The development of environmental, social and governance based strategies could come against a wall after the U.S. Labor Department plans to make it more difficult for retirement plans to include socially responsible investments.
The U.S. Labor Department in June proposed a rule that would make it more difficult for socially responsible funds that select securities based on environmental, social and governance factors to be included in 401(k) plans, the Wall Street Journal reports. The rule could take effect as early as January 1.
The Labor Department argued that the rule is needed to protect workers from investments that aren’t in their best financial interests. Retirement-plan providers will be required to choose investment products based solely on financial considerations to avoid “inappropriate investments that sacrifice investment return, increase costs or assume additional investment risk to promote non-pecuniary benefits or objectives,” according to the Labor Department. In the “rare” case an ESG investment is “economically indistinguishable” from non-ESG investments, the ESG investment will have to show why it is in the financial interests of clients.
According to the American Retirement Association’s Plan Sponsor Council of America, only 2.8% of 401(k)s offered an ESG fund as an option. Given the huge amount of money in 401(k) plans, the relatively small size of ESG investments compared to the other fund assets may be partially explained by the reluctance of retirement plans to include socially responsible options, despite survey results that show high investor demand for ESG funds. Nevertheless, some workers could push for greater ESG inclusion.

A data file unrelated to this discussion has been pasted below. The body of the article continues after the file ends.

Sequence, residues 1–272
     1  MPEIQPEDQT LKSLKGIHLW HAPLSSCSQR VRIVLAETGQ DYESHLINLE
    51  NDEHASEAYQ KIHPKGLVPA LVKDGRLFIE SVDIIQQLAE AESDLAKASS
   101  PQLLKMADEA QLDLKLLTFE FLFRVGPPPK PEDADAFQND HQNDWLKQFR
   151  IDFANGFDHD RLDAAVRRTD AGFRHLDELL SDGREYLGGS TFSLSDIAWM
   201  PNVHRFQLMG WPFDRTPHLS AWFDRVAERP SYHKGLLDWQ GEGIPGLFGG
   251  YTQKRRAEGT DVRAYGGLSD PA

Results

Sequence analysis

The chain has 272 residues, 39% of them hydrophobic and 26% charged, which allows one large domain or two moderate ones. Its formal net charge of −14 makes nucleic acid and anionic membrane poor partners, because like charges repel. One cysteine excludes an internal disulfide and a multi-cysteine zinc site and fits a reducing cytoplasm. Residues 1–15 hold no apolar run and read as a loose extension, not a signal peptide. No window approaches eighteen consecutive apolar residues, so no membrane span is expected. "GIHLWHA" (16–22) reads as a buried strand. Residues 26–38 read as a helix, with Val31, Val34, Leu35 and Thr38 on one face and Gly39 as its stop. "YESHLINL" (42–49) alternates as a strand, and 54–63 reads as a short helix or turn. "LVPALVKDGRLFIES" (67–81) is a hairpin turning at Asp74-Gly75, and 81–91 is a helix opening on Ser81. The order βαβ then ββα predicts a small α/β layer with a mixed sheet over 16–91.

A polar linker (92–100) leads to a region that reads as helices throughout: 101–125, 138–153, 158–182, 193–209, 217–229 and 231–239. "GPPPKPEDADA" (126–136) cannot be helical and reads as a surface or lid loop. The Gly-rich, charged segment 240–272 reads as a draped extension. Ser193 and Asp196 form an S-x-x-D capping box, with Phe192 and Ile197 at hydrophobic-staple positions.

“It is making its way more through a side door,” Chris McKnett, co-head of sustainable investing at Wells Fargo Asset Management, told the WSJ, pointing to funds that don’t identify specifically as ESG but claim to at least consider ESG factors when picking stocks or other investments.
ESG proponents argued that the Labor Department’s new rule singles out ESG investments unfairly for heightened scrutiny and the decision was based on a flawed idea that ESG sacrifices returns.
“The proposal creates an overly prescriptive and burdensome standard,” BlackRock Inc., the world’s largest money manager, said in its comment to the department. “We find that ESG has much in common with existing quality metrics, such as strong balance sheets, suggesting that ESG-friendly portfolios could be more resilient in downturns.”